All this said, for those of us who have a spouse or child with a porn addiction, we can’t control them. In fact, attempting to control them will actually fuel the addiction, because negative emotions like shame, judgment, and control are not the solution to addiction but its cause. 


Addiction stems from a feeling of unworthiness. Therefore, to help someone overcome porn addiction, we need to go through the patience-testing process of loving them, understanding them, and having compassion for the pain they carry inside


Does this mean we need to let them walk all over us? Certainly not! But it does mean we need to try our very best to show them understanding and care in order to help them heal the underlying feelings of insecurity and fear that drove them to addiction in the first place. 



Step 2: Self-improvement & Self-care

If you want your spouse or child to get help and quit porn, do everything you can to work on yourself. Learn mindfulness techniques; practice daily physical, spiritual, mental, and relational routines that improve your well-being; serve your family in every way you can; plan fun activities together; make friends that help you feel belonging; go to therapy; begin your own addiction recovery…


Do everything you can to heal and feel happier, and this will likely motivate your spouse or child to do their own work to heal as well. Or, it may not. Either way, you will better be able to handle whatever comes and to help them if you work on yourself and turn your thoughts and actions towards serving and loving them and others around you. 



Step 3: Boundaries & Intervention

When it comes to friends, spouses, or children who struggle with a porn addiction, we want to make it clear that we are not the source of their mental and emotional stability. We are not their savior. We are not responsible for their recovery, or the lack thereof. 


Boundaries

This requires a very mature, firm, and respectful stance. We must tell these people that we will not be treated with disrespect, nor will we allow ourselves to be manipulated. We will not be held responsible for their relapses. We will also not stand for emotional abuse or neglect. 


We must speak up for ourselves, without contempt or resentment (as much as we can), and without pandering to our loved one’s manipulation, coercion, or delusion. 


In most cases, I’ve found that struggling addicts are unaware of their negative habits of fear tactics and manipulation. Our spouses were often taught these tactics when they were young by other people who were hurt and suffering. Now, it is our job to be a chain-breaker, and this often requires blunt, respectful declarations of self-respect and holding appropriate boundaries.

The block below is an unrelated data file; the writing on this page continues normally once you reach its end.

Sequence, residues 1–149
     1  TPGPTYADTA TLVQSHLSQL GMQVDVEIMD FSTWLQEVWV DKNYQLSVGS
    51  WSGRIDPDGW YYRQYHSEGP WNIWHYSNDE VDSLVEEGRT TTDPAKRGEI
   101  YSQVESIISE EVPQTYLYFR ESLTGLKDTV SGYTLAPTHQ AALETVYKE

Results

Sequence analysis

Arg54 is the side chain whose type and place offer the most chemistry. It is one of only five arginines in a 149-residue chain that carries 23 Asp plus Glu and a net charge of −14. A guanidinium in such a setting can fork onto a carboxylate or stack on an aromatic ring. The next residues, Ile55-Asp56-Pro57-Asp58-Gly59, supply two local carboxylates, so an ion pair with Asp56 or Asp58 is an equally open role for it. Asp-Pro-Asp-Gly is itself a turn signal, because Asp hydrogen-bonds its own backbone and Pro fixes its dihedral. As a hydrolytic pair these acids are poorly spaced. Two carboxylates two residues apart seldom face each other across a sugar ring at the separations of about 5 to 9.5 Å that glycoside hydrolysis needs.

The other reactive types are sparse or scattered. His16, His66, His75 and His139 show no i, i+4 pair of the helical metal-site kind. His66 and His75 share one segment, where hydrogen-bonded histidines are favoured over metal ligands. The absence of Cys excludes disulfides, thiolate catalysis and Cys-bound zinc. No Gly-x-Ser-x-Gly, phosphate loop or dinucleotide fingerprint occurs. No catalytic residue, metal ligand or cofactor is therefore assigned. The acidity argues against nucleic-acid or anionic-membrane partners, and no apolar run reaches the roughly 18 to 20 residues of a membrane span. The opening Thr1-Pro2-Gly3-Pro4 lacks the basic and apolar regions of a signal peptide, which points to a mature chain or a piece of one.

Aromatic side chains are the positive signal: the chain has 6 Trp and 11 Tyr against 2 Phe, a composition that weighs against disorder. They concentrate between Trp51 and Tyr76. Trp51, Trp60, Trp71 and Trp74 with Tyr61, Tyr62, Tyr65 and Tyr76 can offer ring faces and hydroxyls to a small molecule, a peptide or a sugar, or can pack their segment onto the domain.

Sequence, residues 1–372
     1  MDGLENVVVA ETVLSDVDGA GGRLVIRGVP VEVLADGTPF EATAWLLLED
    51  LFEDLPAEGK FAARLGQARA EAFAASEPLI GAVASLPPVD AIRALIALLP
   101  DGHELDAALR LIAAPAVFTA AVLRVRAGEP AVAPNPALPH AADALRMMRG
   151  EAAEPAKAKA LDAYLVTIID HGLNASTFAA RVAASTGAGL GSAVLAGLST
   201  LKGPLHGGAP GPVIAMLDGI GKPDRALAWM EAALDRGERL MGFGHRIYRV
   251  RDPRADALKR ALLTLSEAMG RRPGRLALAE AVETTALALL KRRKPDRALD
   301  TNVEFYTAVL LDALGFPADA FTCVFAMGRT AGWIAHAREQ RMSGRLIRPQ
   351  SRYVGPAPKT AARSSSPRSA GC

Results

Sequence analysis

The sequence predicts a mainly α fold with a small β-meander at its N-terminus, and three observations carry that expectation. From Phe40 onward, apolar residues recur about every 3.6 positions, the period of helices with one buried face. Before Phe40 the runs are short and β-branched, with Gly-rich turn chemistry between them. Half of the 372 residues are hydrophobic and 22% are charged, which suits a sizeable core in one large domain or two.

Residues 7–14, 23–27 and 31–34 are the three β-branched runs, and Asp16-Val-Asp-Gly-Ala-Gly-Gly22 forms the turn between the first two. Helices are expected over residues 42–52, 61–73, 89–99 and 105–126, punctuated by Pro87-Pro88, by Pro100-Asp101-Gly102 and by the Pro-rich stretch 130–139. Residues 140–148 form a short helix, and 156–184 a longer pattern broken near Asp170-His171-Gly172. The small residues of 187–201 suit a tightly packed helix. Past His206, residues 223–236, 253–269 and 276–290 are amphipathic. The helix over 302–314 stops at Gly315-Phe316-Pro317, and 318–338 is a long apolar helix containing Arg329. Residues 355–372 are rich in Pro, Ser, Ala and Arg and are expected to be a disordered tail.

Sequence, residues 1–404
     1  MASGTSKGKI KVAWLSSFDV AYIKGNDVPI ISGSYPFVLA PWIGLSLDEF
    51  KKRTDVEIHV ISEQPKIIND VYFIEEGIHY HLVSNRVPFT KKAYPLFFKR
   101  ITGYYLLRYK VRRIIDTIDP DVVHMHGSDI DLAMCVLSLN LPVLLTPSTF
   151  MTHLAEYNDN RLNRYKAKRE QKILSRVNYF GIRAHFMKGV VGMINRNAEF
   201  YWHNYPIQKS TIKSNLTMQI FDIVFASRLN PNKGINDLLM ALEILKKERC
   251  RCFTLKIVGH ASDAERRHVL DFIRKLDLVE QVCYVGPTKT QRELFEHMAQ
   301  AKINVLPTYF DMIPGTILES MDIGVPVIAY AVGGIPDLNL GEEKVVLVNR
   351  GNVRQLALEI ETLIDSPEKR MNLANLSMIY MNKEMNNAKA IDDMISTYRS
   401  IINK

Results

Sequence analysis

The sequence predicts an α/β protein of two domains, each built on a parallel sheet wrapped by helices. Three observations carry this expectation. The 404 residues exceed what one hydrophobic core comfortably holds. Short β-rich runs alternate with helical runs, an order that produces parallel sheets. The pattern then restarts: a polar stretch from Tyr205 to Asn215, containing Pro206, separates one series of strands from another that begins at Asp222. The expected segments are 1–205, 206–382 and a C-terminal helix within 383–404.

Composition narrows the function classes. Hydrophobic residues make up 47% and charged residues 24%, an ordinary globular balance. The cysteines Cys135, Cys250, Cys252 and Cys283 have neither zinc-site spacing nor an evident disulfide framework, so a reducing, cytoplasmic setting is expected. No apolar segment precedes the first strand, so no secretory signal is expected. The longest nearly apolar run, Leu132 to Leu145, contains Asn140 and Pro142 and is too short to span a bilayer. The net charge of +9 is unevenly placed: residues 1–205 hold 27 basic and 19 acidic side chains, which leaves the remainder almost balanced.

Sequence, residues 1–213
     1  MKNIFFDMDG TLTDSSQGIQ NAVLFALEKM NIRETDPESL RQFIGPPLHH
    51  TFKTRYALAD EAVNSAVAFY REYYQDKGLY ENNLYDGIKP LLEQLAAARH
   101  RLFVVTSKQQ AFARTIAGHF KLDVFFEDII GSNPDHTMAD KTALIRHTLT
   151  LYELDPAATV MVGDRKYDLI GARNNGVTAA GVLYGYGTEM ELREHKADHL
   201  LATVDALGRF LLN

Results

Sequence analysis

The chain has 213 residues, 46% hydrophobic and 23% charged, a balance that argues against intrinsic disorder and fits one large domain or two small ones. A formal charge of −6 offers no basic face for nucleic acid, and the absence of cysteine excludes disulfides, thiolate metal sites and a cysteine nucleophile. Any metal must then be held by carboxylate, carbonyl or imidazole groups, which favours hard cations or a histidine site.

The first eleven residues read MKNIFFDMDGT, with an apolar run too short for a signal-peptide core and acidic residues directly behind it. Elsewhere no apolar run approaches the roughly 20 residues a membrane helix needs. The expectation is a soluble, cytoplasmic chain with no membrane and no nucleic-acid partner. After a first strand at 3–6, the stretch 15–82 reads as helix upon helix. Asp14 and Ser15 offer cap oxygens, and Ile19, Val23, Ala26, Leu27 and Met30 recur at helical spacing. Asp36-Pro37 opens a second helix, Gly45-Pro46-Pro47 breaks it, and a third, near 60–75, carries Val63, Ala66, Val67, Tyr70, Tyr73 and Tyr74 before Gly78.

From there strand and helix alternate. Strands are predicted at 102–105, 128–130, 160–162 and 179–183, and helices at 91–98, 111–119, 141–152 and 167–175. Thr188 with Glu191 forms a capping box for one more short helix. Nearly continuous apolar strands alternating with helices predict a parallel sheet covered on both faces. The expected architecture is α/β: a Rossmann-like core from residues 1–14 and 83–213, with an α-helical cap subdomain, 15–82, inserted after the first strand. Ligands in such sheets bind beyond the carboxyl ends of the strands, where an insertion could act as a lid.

These are not boundaries about every little decision this person makes, but expectations about how we ourselves will be treated by them, and perhaps expectations about what our spouse must do if they are to remain married to us. 


But remember, of course, that we always do our best to hold these boundaries and expectations in combination with understanding and empowerment as well as self-improvement and self-care. 


Intervention

My hope is that what I’ve said so far will be enough to bring your spouse or child to sobriety. But, sometimes something more drastic is needed. 


If you want your spouse or child to heal and get better, sometimes you need to be the one to tell them so. Sometimes, you need to lay down what you will and won’t accept, and that they need to get help. Period. 


Hopefully, you can help them see the light, and they will go willingly. But, they may not, and then a decision must be made on your part, and that needs to be handled very delicately and personally. 


If your spouse or child is open to getting help, I invite you to check out the No More Desire program. 


Many solutions out there - like Internet filters, accountability buddies, talk therapy, or church or religious programs - have merit, but many are also missing some key elements for long-lasting sobriety, which are daily exercises and hands-on practices that build new mindset and lifestyle habits. 


To recover, we need step-by-step instructions to develop a recovery mindset and lifestyle. It isn’t enough to just “stop watching porn”. Addiction is a symptom of deeper, underlying challenges. 


The No More Desire Intensive Recovery Program is a one-of-a-kind program with a unique approach for getting sober. My clients don’t just quit porn, they build a recovery mindset and lifestyle using hands-on, daily exercises that retrain their brain and forge new habits that last a lifetime. Once this mindset and lifestyle is established, their desire for porn naturally fades. 







Episode 52: How to Help Someone with a Porn Addiction in 3 Steps